The Freeway Game was created to help students come to grips with the concept of 'externality'. Understanding this concept is important because when externalities are present, the outcome of free markets may lead to situations that are socially undesirable (e.g., too much pollution or not enough private investment in education and research). In the game, traffic congestion is simulated to demonstrate the effect of a negative externality.
When deciding whether to get on the freeway during rush hour, did you ever stop to consider that if you did so, you would slow everybody ELSE down? When we ask our students that question, they typically laugh--their only consideration is how long their own trip will take. When a decision maker does not account for all the costs or benefits associated with a decision, there exists what economists call an 'externality.' Externalities are commonplace, and can cause significant problems (or create significant benefits) for firms and society. In the Freeway Game, a traffic externality causes congestion on the freeway. As a result, it takes too long for people to commute. A toll can be used to internalize the traffic externality and eliminate the congestion. The Freeway Game helps students understand negative externalities and develop ways of at least partially neutralizing their undesirable effects.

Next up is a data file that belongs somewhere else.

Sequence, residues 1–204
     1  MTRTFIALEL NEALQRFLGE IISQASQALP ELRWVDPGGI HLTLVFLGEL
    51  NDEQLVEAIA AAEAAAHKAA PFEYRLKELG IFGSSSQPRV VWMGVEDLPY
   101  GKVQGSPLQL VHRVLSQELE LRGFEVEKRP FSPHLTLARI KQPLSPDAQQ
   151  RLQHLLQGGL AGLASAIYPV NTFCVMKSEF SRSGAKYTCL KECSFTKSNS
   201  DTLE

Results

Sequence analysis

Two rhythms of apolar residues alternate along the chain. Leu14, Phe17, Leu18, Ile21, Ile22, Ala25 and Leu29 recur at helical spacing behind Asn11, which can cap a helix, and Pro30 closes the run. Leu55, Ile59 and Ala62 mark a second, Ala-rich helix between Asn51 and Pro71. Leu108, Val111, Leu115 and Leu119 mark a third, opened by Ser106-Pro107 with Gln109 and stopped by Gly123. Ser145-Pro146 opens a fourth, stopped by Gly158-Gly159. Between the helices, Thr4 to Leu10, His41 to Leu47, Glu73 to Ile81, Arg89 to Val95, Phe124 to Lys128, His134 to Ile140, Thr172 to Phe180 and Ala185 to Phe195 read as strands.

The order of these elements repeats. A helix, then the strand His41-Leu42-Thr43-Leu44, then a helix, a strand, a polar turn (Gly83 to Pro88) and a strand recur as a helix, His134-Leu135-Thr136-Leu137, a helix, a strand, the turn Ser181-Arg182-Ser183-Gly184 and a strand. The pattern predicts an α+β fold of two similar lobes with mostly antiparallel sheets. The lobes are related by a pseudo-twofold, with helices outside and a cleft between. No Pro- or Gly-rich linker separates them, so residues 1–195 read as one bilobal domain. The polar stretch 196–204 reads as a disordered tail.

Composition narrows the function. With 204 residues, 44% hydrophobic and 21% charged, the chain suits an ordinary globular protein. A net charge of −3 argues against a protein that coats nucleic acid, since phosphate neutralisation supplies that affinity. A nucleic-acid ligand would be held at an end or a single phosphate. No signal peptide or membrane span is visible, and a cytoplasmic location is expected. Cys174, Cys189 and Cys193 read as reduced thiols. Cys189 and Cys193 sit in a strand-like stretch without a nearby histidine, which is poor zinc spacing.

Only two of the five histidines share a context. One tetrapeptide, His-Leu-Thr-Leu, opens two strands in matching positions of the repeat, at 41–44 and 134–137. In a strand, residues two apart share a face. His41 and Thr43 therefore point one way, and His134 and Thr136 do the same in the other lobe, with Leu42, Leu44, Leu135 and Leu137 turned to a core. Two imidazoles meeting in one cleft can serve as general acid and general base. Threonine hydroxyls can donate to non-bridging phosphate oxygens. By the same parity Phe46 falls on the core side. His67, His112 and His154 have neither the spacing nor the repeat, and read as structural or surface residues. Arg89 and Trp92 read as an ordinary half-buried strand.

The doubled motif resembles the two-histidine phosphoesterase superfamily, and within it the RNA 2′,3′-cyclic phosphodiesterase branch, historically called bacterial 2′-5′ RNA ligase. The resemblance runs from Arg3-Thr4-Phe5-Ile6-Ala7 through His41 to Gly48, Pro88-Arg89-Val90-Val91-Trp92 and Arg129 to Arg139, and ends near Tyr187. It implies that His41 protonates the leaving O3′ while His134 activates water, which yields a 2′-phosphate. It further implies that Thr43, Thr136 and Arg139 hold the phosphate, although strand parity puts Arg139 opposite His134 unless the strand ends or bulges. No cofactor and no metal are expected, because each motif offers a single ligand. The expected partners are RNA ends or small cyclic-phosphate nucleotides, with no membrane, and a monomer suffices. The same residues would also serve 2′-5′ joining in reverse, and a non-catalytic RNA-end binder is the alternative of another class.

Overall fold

Instructors who would like to use the game in class can download the teaching note from here. For additional information on the game, please refer to the 2015 DSJIE Outstanding Teaching Brief: Giraud-Carrier, F.C. and Schmidt, G.M. (2015). Learning in the Fast Lane: The Freeway Game. Decision Sciences Journal of Innovative Education, 13(3), 273-287.
The instructor must create a game before students can play. For detailed instructions and rules, click